Army of Raymond of Saint-Gilles

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The Army of Raymond of Saint-Gilles was one of the first to be formed after Pope Urban II called for the First Crusade. Raymond, better known as Raymond IV, Count of Toulouse (referred below as the Commander because of the large number of Raymonds under his command), formed a Provençal army and left Toulouse in October 1096, traveling over the land route. He was the only leader of a major army that did not swear an oath of fealty to Alexius I, Emperor of Byzantine.

The known members of the army, which numbered in the thousands, were almost all French[citation needed] and included the ones listed below, as reported in histories of the First Crusade. Unless otherwise noted, references are to the on-line database of Riley-Smith, et al.,[1] and the hyperlinks therein provide details including original sources.[2] The names below are also referenced in the Riley-Smith tome, Appendix I: Preliminary List of Crusaders.[3] Those references are not shown unless they appear elsewhere in the text of previously referenced book. Articles that are hyperlinked to a more detailed article in this encyclopædia rely on the latter for references.

The Commander’s Household[edit]

The known members of the Commanders’s household include the following:

Clergy[edit]

The members of the church traveling with the Commander included:

Historians[edit]

Two of the clergy recorded the activities of the army and included:

Nobles[edit]

The nobles and lords who fought with the Commander included:

Knights and other Soldiers[edit]

While many thousands of knights and other fighting men joined the army, the following were noted:

  • Arnold Tudebode[19] and his brother Arvedus (Arfan) Tudebod, both killed at the siege of Antioch. They were brothers of Peter Tudebode the cleric and historian.
  • Bernard Raymond of Béziers, likely the son of Bertrand II of Provence, the father-in-law of Bernard Ato IV
  • Farald of Thouars[20]
  • Brothers Gerald, Raymond and Pons. Little is known about the brothers except that they each donated their part of the tithes pertaining to the castle of Rocha Martina to the abbey of St. Victor of Marseilles.
  • Isoard of Ganges, who distinguished himself at the siege of Antioch
  • Isoard I, Count of Die, a comrade of Peter Desiderius and under the command of Raymond Pilet d’d’alas
  • Peter the Bastard, Lord of Mezenc, brother of First Crusaders Pons, Lord of Mezenc, and Guy and William (expedition unclear)
  • Peter of Roaix[21]
  • Peter Bartholomew, was servant to William Peyre of Cunhla, and was sent as a messenger to the Turkish emir Kerbogha. His vision of the Holy Lance led to his trial by fire. He was pulled from the fire by Raymond Pilet d’Alès, but subsequently died.
  • Pons the Red,[22] died shortly after returning from the Crusade
  • Pons Rainard (Raynouard), died during the Crusade
  • Raymond of Curemonte
  • Raymond Pilet d’Alès, a well known knight
  • Raymond Bertrand of l’Isle-Jourdan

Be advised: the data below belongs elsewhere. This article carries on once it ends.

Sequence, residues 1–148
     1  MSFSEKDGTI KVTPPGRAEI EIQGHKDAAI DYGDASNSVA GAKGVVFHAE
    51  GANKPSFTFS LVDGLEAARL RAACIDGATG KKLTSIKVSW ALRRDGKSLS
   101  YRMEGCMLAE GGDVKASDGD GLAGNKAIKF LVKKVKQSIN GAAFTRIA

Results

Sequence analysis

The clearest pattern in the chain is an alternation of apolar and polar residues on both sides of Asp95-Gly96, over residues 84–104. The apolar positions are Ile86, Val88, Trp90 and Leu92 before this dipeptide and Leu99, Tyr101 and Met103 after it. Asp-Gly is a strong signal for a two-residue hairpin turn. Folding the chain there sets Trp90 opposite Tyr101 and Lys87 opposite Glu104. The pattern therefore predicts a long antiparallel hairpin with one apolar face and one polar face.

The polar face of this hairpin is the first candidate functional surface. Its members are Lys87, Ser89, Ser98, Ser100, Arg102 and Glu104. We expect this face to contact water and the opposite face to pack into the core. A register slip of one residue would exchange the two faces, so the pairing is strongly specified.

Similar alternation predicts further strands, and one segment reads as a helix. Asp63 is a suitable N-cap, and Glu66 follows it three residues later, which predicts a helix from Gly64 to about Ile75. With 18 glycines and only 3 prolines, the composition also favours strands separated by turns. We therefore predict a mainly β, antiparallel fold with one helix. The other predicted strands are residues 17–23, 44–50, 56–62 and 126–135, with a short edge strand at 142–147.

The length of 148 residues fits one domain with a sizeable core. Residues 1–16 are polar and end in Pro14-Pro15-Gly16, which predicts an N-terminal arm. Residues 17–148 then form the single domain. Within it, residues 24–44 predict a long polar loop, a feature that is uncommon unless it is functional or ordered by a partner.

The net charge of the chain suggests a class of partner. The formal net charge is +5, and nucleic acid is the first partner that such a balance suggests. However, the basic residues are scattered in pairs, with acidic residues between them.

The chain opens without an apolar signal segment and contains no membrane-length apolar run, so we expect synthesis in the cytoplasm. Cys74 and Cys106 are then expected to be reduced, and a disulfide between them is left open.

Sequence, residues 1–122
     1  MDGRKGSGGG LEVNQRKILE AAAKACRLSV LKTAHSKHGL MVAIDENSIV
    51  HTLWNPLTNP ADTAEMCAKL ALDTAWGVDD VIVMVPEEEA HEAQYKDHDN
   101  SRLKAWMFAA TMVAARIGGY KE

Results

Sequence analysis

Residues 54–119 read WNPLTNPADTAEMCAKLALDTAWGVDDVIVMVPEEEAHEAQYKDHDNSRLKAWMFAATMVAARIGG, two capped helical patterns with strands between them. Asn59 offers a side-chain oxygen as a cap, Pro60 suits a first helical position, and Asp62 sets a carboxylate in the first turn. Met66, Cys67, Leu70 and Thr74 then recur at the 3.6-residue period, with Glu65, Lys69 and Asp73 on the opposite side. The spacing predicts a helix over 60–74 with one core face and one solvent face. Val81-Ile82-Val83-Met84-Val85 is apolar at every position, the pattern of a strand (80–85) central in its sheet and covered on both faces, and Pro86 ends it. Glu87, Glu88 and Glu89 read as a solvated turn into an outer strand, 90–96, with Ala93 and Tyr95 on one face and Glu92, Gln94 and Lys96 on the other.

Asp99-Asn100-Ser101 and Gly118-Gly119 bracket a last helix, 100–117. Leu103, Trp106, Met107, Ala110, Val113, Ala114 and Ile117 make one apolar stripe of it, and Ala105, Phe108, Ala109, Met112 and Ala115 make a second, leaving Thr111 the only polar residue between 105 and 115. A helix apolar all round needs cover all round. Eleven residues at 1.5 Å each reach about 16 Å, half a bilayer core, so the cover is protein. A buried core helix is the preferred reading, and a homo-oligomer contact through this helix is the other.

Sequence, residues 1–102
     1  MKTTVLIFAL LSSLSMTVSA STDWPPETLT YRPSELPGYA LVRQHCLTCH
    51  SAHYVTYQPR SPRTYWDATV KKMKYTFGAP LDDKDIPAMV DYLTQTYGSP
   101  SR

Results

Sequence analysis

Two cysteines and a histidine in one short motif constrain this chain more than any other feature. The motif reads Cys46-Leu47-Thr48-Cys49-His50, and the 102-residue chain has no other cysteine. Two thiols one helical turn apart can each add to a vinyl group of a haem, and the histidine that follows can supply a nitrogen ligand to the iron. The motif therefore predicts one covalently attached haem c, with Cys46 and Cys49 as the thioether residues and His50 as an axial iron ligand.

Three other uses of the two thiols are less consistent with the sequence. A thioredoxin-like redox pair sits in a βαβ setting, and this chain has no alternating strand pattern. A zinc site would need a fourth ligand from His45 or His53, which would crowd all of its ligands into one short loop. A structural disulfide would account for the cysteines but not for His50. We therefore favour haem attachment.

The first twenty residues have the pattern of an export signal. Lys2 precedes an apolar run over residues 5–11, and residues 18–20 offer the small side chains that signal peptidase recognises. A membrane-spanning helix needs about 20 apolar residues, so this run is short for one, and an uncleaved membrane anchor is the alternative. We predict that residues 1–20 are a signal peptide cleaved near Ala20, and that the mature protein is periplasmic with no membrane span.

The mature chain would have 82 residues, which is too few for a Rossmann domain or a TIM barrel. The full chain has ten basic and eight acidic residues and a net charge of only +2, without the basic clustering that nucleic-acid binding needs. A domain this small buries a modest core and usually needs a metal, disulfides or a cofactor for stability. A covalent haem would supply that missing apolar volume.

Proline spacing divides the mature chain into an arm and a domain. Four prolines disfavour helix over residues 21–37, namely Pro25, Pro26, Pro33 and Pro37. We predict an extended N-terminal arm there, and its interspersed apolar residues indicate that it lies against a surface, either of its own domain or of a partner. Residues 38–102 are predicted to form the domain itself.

• William Hugh of Monteil I,[23][24] occupier of Crak des Chavaliers, brother of Adhemar of Le Puy.

Major Battles[edit]

The army of Raymond took part in most of the major battles in the First Crusade, including:

He and his army also participated in the doomed Crusade of 1101.

Sources[edit]

Riley-Smith, Jonathan, The First Crusaders, 1095-1131, Cambridge University Press, London, 1997

Runciman, Steven, A History of the Crusades, Volume One: The First Crusade and the Foundation of the Kingdom of Jerusalem, Cambridge University Press, London, 1951

Bury, J. B., Editor, The Cambridge Medieval History, Volume III: Germany and the Western Empire, Cambridge University Press, London, 1922

Prof. J. S. C. Riley-Smith, Prof, Jonathan Phillips, Dr. Alan V. Murray, Dr. Guy Perry, Dr. Nicholas Morton, A Database of Crusaders to the Holy Land, 1099-1149 (available on-line)

Tudebode, Peter, Historia de Hierosolymitano itinere, John and Laurita Hill, Editors, Paris, 1977

Raymond d'Aguilers, Historia Francorum qui ceperunt Iherusalem, John and Laurita Hill, Editors, Paris, 1969

France, John, Victory in the East: A Military History of the First Crusade, Cambridge University Press, 1996 (available on Internet Archive)

References[edit]

  1. ^ "The Command of Raymond of Saint-Gilles".
  2. ^ "Sources of Participants in the First Crusade".
  3. ^ Riley-Smith, Jonathan. "The First Crusaders, 1095-1131".
  4. ^ Riley-Smith, Jonathan. The First Crusaders. p. 94.
  5. ^ "A Database of Crusaders to the Holy Land".
  6. ^ Riley-Smith, Jonathan. The First Crusaders. pp. 87, 104, 148.
  7. ^ Riley-Smith, Jonathan. The First Crusaders. pp. 45, 196.
  8. ^ Riley-Smith, Jonathan. The First Crusaders. pp. 86, 150.
  9. ^ Runciman, Steven. A History of the Crusades, Volume One. pp. 273, 284.
  10. ^ Runciman, Steven. A History of the Crusades, Volume One. pp. 244, 252, 273.
  11. ^ Riley-Smith, Jonathan. The First Crusaders. pp. 63, 67, 112, 117, 197.
  12. ^ Riley-Smith, Jonathan. The First Crusaders. pp. 3, 93, 155, 209.
  13. ^ Riley-Smith, Jonathan. The First Crusaders. pp. 65, 94, 217.
  14. ^ Riley-Smith, Jonathan. The First Crusaders. pp. 3–4, 104, 209.
  15. ^ Runciman, Steven. A History of the Crusades, Volume One. p. 270.
  16. ^ Riley-Smith, Jonathan. The First Crusaders. pp. 86–87, 216.
  17. ^ Riley-Smith, Jonathan. The First Crusaders. pp. 75, 225.
  18. ^ Riley-Smith, Jonathan. The First Crusaders. p. 225.
  19. ^ Riley-Smith, Jonathan. The First Crusaders. pp. 94, 199, 200.
  20. ^ France, John (1994). Victory in the East: A Military History of the First Crusade. Cambridge University Press. p. 20. Farald, Viscount of Thouars.
  21. ^ Runciman, Steven. A History of the Crusades, Volume One. p. 192.
  22. ^ Riley-Smith, Jonathan. The First Crusaders. pp. 147, 218.
  23. ^ Riley-Smith, Jonathan. The First Crusaders. pp. 86, 225.
  24. ^ Runciman, Steven. A History of the Crusades, Volume One. p. 90.